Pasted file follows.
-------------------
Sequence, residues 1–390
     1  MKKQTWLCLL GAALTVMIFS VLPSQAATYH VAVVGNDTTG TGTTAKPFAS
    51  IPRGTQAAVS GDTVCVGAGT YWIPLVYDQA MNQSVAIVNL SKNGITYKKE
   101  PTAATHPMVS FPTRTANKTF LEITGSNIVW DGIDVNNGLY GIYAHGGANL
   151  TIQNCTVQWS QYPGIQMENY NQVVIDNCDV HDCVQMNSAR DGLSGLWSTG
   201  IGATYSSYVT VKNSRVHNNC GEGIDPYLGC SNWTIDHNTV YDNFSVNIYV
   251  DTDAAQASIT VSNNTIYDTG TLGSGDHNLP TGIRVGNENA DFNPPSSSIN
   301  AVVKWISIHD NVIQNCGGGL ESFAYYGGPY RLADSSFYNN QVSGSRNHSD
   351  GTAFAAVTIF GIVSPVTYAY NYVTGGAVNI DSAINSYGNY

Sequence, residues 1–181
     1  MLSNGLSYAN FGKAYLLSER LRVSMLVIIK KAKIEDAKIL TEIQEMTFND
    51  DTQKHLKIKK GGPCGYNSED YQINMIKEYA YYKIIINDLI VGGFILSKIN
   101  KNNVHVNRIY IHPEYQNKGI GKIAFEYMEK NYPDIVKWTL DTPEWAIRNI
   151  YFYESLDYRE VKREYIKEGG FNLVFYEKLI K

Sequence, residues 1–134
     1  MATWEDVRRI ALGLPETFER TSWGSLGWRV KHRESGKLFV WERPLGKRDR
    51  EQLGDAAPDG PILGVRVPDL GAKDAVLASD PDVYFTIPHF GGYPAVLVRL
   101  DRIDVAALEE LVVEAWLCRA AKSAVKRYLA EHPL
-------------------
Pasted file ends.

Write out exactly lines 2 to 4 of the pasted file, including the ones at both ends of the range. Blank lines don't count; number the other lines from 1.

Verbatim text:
     1  MKKQTWLCLL GAALTVMIFS VLPSQAATYH VAVVGNDTTG TGTTAKPFAS
    51  IPRGTQAAVS GDTVCVGAGT YWIPLVYDQA MNQSVAIVNL SKNGITYKKE
   101  PTAATHPMVS FPTRTANKTF LEITGSNIVW DGIDVNNGLY GIYAHGGANL